Felt how helpless sightlessness makes people. That is the reality. The revenge is a fairy story to satisfy the audience. Why to open the cards to the police? It is foolishness. They could have easily finished him with Shelar’s help.
    Mom and Kaabil both deal with rape and revenge. If you dont hate Hritik, you can watch it. I dont hate any actors but just watch a movie and enjoy it.
    Decided not to read reviews but just try to watch a movie and decide for myself.
    I feel critics are sadists and they try to justify their writings and pose as intellectuals. And most of them are negative people posing as critics.
    Both Raees and Kaabil were interesting movies. So what if they were not blockbusters?
    Everyone is going wah wah on Andhadhun. But emotionally I connected to Kaabil more than Andhadhun. Maybe I am not pseudo intellectual like those critics and critical minded.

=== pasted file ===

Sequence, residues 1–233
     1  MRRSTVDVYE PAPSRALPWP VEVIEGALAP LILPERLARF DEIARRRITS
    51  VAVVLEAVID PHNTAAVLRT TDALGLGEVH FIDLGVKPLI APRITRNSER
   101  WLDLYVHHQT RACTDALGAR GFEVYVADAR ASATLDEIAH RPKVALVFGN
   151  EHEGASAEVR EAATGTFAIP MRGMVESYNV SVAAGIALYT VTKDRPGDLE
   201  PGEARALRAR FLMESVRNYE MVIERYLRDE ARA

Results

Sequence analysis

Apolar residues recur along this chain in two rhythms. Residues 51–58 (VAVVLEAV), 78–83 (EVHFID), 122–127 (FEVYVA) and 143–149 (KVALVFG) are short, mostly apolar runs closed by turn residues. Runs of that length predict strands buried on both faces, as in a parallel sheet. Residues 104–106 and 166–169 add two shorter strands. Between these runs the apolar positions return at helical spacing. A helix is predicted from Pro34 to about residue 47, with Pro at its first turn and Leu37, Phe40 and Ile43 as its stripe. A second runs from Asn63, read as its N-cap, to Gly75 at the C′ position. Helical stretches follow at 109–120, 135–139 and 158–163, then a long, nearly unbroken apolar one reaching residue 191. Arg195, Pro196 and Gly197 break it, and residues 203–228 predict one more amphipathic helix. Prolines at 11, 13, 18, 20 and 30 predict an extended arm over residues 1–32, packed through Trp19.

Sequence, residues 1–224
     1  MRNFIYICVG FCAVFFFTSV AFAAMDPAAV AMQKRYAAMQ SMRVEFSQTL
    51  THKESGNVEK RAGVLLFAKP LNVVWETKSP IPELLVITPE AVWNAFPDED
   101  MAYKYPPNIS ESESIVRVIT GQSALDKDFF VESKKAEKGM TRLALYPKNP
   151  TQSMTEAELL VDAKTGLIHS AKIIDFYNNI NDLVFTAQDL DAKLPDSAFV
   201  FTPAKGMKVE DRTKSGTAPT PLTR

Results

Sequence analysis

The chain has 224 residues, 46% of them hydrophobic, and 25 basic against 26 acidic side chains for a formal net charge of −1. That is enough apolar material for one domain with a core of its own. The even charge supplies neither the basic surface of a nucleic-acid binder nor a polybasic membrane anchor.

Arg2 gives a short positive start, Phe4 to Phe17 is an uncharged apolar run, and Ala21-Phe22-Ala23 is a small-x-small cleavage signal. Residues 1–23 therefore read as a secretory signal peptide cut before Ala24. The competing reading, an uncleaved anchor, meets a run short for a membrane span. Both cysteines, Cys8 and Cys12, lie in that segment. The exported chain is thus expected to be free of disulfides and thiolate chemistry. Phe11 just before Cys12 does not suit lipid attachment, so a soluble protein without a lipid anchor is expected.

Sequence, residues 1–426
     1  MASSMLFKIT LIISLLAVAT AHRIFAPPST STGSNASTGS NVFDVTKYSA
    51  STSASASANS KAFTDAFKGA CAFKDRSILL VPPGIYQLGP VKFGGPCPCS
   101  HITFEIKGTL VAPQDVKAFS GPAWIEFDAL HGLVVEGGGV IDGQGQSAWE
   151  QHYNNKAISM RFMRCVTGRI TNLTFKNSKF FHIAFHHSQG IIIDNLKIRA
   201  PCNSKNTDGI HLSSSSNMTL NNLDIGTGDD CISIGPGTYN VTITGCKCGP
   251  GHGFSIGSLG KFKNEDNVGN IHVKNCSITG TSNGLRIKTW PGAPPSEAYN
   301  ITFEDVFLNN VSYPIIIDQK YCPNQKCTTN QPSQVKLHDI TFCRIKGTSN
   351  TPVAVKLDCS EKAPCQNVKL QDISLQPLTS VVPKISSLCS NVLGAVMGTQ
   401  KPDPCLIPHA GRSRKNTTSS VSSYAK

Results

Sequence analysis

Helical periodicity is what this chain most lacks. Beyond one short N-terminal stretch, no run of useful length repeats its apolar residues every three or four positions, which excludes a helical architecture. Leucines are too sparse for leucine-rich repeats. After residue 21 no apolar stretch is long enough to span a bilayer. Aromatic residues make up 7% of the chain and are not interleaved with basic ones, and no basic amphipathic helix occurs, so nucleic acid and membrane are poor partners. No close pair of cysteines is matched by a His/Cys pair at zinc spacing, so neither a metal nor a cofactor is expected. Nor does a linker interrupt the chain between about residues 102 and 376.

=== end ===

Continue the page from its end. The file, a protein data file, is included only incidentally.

• I am posting it here because I feel Manikarnika must also be a good movie inspite of being ridiculed.
      Dont go by critic’s word to watch a movie. Just go by your instinct.


  12. Kangana Ranaut’s Manikarnika: The Queen Of Jhansi releases this week, a cinematic tribute to one of India’s most courageous monarchs.

    In this fascinating excerpt from Moupia Basu’s new book The Queen’s Last Salute, the British conspire with Indian malcontents to bring Rani Lakshmibai’s empire under the Englishman’s yoke.


  13. IdeaUnique Says:

    probably KR is just going Parveen Babi route? loosing her mental balance and badmouthing everyone and anyone who does not suit her whims??